No Room at the Inn for Cleanliness

We all know the story of a certain pregnant couple turned away from a crowded inn and forced to spend an eventful night in a manger. But that may have been for the best given new evidence that hotel rooms are hotbeds of unholy contamination. Here's what to know for a safer holiday travel season.


Sooner or later, we all end up in a hotel, and at no time of year is that truism truer than the holiday season, when visits to distant relations frequently require lodging. The rooms we rent may claim to offer all the comforts of home, but researchers have uncovered a filthy secret: They're often hardly clean.


A new study from Canada finds them teeming with unhealthy bacteria daily cleanings fail to remove, and a target recent study of U.S rooms found you may be safer sleeping in a barn.


Budget motel or high-end hotel, it doesn't matter. Swabs of all kinds of surfaces in all types of rooms found all sorts of unhealthy bacteria. The dirtiest spots were the bedspreads, bathroom faucets, and the TV remote control. Some 70% of all remotes, for example, had high levels of contamination, and nearly a third of all faucets failed the sanitation test.


Yet these were hardly the only places keeping epidemiologists up at night. Blankets, telephones, light switches, sinks, and toilets also tested like overgrown petri dishes. The U.S. tests found (shield your eyes) the dreaded fecal bacteria on 81% of tested surfaces, and the biggest trouble appeared on the maids' mops and sponges, which suggests cleaning is spreading germs not removing them.


Bacteria, of course, are common in our homes, but those bacteria are usually familiar—they come largely from us, not zillions of nameless strangers carrying who-knows-what. Here's what we can do to stay healthy on the road:

  • First, inspect your room for obvious issues—dirt, mold, signs of insects, etc. If you find any, get a new room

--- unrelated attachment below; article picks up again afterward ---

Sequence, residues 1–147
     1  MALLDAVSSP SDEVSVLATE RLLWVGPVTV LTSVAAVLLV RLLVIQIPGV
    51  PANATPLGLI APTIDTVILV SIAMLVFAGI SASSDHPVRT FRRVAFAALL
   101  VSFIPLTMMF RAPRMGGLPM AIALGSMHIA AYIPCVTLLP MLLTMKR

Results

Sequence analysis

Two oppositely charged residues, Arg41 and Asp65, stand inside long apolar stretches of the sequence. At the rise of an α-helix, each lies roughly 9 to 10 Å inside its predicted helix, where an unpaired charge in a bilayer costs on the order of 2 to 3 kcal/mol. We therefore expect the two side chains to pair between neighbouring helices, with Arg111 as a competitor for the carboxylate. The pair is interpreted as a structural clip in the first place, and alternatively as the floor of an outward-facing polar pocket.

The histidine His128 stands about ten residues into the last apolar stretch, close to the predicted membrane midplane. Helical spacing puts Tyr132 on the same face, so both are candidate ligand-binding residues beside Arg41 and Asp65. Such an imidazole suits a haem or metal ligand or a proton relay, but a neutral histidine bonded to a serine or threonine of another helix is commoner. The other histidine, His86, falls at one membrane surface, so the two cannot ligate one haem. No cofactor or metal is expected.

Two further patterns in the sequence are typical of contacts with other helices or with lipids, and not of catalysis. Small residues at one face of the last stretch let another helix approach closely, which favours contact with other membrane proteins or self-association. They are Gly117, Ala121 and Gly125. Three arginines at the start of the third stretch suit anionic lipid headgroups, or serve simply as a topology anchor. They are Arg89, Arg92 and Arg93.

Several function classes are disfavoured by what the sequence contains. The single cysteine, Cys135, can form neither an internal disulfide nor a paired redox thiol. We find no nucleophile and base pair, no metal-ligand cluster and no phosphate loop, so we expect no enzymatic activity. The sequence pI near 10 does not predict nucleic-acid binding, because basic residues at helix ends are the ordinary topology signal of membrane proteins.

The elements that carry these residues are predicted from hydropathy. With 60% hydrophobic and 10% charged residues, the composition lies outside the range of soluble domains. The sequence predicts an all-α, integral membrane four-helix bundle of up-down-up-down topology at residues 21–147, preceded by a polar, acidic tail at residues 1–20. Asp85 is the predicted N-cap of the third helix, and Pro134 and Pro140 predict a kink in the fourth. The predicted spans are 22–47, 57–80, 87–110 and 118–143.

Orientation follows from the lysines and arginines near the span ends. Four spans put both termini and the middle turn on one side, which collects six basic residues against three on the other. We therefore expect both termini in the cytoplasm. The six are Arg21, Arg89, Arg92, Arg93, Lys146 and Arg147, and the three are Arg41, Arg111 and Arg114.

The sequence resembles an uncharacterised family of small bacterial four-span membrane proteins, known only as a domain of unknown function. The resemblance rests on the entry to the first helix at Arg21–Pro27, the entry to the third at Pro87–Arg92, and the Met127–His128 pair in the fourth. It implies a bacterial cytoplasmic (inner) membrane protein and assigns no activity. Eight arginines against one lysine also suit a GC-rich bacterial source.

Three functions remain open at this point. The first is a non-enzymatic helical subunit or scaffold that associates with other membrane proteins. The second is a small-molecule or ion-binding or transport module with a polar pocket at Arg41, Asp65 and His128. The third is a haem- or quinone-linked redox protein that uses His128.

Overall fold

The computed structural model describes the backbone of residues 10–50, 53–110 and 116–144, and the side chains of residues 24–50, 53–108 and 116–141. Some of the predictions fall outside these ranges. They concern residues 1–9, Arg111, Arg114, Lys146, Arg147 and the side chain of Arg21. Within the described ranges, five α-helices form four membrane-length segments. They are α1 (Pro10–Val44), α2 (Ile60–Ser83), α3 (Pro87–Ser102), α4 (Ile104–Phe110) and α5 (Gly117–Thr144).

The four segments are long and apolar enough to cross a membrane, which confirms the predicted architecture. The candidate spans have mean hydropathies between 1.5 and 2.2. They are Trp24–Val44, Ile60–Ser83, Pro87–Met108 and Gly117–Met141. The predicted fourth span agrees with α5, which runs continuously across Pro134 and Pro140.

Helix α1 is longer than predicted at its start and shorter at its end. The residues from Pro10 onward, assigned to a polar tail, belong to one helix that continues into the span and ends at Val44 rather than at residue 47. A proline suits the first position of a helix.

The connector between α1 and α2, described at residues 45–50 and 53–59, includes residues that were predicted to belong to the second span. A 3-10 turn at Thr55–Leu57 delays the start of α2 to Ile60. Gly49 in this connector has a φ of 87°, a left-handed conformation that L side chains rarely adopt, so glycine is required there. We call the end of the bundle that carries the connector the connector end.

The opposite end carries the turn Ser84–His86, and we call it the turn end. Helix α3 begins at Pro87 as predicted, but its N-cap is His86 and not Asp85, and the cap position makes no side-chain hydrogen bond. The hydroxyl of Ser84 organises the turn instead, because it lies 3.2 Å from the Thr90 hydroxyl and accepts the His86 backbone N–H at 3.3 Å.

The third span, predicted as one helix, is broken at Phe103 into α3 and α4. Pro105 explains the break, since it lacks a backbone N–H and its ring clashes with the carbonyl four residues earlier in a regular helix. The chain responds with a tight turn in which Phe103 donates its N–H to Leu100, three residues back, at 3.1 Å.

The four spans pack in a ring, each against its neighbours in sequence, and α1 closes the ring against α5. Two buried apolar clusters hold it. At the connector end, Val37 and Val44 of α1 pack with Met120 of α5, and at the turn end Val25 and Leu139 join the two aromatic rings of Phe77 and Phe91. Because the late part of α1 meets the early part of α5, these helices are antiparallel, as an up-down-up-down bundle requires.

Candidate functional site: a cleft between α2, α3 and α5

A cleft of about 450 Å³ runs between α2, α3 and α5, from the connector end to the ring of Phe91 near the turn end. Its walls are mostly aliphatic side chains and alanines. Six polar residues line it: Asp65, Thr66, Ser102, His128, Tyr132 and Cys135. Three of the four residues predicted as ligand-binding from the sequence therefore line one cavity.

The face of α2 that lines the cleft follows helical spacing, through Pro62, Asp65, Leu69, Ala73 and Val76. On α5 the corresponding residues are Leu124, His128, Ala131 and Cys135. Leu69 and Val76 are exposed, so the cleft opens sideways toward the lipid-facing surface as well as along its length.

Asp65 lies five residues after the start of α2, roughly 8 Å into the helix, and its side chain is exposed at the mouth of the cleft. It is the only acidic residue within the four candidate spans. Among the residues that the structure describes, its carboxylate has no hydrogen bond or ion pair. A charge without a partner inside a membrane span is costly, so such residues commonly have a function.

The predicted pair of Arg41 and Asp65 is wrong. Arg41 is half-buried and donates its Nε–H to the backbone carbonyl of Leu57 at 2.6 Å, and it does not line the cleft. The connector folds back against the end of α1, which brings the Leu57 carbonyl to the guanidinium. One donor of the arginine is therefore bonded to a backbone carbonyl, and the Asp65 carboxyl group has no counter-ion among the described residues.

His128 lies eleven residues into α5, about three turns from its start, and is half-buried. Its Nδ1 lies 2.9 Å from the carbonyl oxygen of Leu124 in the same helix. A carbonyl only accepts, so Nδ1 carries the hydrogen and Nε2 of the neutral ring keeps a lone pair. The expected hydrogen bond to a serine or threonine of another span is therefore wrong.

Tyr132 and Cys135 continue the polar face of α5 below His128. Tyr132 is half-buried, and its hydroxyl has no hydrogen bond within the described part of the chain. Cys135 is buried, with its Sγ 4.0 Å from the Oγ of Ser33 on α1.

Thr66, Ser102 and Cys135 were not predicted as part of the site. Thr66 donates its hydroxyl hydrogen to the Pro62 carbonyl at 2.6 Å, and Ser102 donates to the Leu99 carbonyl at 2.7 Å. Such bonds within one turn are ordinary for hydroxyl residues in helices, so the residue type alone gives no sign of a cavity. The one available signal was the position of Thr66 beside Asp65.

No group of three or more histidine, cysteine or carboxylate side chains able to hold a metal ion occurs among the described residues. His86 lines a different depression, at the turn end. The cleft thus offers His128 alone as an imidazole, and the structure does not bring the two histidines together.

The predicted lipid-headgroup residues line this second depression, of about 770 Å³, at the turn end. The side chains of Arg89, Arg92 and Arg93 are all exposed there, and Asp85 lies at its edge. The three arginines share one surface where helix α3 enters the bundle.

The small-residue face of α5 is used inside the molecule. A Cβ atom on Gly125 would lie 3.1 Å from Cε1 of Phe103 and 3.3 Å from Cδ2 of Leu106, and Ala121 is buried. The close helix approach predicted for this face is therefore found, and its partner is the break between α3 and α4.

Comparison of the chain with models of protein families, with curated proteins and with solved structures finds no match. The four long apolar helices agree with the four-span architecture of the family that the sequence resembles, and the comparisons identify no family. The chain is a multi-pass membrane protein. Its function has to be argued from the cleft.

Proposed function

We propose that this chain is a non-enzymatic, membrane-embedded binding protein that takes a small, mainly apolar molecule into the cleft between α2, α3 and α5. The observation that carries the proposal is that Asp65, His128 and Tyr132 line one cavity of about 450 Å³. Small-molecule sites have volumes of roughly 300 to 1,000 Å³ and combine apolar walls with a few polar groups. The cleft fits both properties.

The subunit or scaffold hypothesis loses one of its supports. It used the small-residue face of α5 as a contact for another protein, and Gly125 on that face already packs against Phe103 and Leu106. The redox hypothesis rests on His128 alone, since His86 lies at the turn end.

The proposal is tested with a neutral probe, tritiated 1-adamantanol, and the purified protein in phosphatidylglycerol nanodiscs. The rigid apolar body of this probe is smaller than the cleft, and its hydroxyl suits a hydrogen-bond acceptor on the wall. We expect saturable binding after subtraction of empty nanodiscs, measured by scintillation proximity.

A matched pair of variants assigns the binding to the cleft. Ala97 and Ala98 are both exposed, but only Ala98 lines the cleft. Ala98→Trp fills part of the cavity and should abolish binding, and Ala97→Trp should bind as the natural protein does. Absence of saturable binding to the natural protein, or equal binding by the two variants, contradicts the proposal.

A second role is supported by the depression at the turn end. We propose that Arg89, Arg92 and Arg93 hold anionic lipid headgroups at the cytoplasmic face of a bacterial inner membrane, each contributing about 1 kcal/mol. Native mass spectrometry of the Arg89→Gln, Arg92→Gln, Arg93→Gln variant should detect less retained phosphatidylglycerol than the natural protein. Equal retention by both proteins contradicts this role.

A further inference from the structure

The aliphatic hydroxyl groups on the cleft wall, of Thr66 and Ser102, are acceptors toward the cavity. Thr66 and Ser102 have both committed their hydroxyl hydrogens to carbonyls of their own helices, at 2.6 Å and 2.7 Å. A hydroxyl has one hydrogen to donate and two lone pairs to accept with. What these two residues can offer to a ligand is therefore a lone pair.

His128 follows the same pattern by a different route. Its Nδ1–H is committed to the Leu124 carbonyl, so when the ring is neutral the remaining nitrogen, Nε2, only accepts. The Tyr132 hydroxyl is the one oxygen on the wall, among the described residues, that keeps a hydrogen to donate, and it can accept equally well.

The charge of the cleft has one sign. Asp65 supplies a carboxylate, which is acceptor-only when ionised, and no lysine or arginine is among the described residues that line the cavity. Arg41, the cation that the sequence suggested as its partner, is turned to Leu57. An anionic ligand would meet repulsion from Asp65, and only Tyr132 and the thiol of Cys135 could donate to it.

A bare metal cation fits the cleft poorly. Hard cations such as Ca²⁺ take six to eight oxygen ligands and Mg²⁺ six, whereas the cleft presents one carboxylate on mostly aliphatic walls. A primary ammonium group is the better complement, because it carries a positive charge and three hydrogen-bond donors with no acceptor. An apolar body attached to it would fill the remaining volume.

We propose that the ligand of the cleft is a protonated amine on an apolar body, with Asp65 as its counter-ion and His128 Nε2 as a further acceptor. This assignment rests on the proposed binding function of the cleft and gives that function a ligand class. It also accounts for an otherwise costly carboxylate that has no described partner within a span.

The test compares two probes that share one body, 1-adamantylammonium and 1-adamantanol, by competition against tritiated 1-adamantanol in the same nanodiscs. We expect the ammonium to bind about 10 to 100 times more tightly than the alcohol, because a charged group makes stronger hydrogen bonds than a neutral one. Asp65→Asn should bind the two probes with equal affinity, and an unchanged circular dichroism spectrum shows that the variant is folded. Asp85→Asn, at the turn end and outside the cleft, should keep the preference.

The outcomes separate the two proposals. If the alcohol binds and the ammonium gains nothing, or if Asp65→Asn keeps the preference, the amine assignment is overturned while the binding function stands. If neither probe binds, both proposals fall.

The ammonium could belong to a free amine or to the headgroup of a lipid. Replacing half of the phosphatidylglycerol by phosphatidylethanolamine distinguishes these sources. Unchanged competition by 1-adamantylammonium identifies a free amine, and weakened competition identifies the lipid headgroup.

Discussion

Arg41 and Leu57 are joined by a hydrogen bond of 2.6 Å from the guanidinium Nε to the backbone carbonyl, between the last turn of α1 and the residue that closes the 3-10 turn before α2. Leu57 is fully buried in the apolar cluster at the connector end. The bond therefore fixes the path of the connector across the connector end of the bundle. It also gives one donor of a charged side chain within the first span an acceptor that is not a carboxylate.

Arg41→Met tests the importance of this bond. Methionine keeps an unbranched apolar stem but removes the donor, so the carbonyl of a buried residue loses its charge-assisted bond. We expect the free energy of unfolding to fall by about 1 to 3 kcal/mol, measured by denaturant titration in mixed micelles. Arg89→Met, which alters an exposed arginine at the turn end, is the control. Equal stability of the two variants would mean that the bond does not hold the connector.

• Pay careful attention to baseboards and mattress creases where it's easiest to spot bedbug wastes (small brown or red dots), skin, and shells.
  • Don't use the bedspread. Take it off and put it away.
  • Travel with disinfecting wipes or a spray and treat light switches, remotes, phones, door knobs, faucets, and toilets before use.
  • Place your toiletries on a clean towel not directly on bathroom counters.
  • Clean water glasses yourself before use. (Ditto the ice bucket.) Or bring your own cup.
  • Consider packing a pillow and even a sheet to cover a chair.
  • Avoid complimentary coffee-makers, especially if they're by a sink.
  • Place your suitcase on the luggage rack not the bed or floor.
  • If you're traveling with babies or toddlers, check under the bed and in all the drawers for potential hazards.
  • Don't walk around in your bare feet.


These strategies will help give you the best holiday gift any of us could possible get: A happily healthy new year!

written by:

the Inkslinger

The Inkslinger has written about environmental issues for over 20 years and is a freelance writer for some of America's most iconoclastic companies and non-profits. His true loves include nature, music of the Americana/rock and roll variety, interior design, books, old things, good stories, pagan rituals, and his wife of 24 years, with whom he lives in an undisclosed chemical-free rural Vermont location along with his teenage daughter and two infinitely hilarious Australian shepherds!

See more from the Inkslinger